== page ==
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The United States: Market Profile

Major Economic Indicators

Table: Major Economic Indicators (the United States)
Table: Major Economic Indicators (the United States)

Recent Developments

  • Goods brought into the US are often subject to import duties, but import licences are generally not required. There are no foreign exchange controls over payments for imports.
  • As a founding member of the Trans-Pacific Partnership (TPP) Agreement, the Office of the US Trade Representative on 5 November 2015 released the text of the TPP, which was formally signed by its 12 signatories in February 2016 although the new US president Donald Trump signed an executive order formally withdrawing the country from the trade deal in January 2017.
  • The US is Hong Kong’s second-largest export market. Hong Kong’s total exports to the US increased by 0.4% to US$30.9 billion in the first three quarters of 2017, while its imports from the US grew by 5% to US$19.7 billion.
  • The inflows of foreign direct investment (FDI) to the US exceeded US$391 billion in 2016, with China contributing US$17 billion. As of the end of 2016, China’s total stock of FDI to the US topped US$60.5 billion, up from US$1.9 billion in 2007.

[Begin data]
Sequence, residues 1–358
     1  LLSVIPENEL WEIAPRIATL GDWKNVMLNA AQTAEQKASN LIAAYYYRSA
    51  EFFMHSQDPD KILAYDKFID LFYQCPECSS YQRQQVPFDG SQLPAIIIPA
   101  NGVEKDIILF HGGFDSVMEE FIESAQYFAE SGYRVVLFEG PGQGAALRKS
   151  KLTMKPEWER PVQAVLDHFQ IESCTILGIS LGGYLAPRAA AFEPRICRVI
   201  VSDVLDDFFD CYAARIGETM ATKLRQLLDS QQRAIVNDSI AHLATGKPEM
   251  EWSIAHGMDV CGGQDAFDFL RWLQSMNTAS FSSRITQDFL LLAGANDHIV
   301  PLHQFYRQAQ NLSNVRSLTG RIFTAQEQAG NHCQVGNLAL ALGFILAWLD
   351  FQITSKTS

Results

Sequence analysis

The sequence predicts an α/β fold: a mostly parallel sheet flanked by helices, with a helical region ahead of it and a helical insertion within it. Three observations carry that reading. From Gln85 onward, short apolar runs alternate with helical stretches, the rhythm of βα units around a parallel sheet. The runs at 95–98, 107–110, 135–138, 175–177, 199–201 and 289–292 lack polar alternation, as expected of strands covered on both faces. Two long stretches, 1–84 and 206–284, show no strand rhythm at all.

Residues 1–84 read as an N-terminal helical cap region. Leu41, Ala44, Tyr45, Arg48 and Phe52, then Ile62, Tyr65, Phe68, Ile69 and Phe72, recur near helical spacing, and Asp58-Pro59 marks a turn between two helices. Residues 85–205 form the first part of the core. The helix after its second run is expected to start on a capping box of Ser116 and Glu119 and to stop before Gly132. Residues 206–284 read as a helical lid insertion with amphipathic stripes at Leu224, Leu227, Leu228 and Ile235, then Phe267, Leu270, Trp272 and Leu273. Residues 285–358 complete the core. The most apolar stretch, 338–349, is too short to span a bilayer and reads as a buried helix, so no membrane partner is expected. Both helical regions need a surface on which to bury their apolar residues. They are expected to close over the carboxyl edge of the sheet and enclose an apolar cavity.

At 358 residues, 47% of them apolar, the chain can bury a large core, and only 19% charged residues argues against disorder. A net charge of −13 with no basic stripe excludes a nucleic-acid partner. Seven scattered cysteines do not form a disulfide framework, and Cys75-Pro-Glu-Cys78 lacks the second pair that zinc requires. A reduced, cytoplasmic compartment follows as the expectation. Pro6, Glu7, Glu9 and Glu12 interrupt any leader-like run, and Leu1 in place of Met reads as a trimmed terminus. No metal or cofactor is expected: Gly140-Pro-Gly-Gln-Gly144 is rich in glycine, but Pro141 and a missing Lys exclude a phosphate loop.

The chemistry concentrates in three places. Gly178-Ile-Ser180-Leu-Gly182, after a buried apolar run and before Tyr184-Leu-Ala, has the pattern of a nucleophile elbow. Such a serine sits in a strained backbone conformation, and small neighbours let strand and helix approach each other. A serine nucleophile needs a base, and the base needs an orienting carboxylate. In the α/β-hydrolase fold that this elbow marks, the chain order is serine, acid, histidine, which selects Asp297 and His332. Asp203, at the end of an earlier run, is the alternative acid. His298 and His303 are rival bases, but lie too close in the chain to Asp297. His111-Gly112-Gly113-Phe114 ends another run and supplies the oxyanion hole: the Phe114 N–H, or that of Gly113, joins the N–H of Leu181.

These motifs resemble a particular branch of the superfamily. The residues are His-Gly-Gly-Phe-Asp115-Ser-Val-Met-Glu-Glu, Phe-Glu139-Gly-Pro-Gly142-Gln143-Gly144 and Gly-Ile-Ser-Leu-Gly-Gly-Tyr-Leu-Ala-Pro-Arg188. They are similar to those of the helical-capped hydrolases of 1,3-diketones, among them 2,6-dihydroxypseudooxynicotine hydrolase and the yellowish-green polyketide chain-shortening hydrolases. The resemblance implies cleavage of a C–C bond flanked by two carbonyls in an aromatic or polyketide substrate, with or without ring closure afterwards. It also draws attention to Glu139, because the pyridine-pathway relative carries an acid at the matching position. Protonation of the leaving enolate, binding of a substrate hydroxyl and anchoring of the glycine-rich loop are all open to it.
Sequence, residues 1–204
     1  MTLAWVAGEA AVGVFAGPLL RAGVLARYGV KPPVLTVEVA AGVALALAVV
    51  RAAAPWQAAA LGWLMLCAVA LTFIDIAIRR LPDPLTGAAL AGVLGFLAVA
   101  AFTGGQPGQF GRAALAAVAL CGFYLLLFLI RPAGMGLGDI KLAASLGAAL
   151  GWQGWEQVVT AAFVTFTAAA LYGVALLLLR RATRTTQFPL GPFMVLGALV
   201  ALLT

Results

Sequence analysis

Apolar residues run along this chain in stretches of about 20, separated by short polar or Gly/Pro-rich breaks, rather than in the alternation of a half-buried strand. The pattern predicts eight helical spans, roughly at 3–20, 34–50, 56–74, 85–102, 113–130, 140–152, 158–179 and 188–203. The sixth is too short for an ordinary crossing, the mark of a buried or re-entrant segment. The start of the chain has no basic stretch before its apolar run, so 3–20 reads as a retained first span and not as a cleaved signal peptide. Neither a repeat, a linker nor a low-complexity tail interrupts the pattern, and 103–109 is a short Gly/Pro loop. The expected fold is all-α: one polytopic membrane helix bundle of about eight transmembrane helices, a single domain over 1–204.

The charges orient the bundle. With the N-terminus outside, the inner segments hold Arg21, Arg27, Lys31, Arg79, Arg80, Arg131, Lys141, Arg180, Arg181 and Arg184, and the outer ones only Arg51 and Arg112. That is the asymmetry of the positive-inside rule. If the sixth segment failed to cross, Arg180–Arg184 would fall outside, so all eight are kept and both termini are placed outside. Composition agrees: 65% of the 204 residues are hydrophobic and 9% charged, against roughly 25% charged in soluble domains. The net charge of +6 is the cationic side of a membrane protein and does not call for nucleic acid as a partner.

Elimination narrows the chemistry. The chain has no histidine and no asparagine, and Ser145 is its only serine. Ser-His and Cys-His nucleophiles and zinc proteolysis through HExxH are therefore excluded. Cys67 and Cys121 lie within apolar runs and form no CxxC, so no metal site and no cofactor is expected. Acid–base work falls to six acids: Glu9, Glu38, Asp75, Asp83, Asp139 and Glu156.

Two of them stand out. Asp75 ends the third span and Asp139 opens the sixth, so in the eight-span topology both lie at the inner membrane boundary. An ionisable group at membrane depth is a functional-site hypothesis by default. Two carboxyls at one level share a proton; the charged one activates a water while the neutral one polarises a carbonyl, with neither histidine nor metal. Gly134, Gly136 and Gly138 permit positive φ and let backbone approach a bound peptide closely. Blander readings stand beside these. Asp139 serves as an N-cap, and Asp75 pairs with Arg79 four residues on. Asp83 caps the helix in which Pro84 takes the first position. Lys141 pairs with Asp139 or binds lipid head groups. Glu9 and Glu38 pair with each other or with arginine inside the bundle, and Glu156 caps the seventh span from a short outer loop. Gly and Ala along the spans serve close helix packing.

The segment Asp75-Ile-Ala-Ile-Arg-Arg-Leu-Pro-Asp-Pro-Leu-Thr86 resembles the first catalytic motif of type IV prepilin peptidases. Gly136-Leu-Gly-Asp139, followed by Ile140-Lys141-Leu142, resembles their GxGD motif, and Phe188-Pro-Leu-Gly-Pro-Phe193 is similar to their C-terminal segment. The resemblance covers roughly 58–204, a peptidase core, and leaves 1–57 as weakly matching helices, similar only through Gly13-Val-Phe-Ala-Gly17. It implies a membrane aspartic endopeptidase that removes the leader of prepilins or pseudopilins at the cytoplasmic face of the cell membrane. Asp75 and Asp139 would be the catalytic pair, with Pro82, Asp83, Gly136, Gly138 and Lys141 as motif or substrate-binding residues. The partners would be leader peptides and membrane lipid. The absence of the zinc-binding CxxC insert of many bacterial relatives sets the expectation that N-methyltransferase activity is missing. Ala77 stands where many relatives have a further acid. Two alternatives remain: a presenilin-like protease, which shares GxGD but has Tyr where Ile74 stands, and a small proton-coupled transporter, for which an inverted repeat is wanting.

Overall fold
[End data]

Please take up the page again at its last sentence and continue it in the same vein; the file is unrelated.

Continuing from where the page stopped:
• The US was the 7th-largest source of FDI in Hong Kong after British Virgin Islands, the Chinese mainland, Cayman Islands, the Netherlands, Bermuda and Singapore, with a total stock of US$40.6 billion (or HK$314.6 billion) as at the end of 2015. Meanwhile, the US was the 7th-largest FDI destination of Hong Kong’s FDI in 2015, with a total stock of US$11.1 billion (or HK$ 85.7 billion).
  • Established by Executive Order of the US President in 2011, SelectUSA is a US government-wide effort to encourage, facilitate, and accelerate business investment in the US by both domestic and foreign firms. It provides enhanced coordination to existing resources and functions within the US Department of Commerce and across all federal departments and agencies with operations relevant to business investment. It works in partnership with state, regional, and local economic development organisations to promote and facilitate overall US business attraction, retention, and reshoring.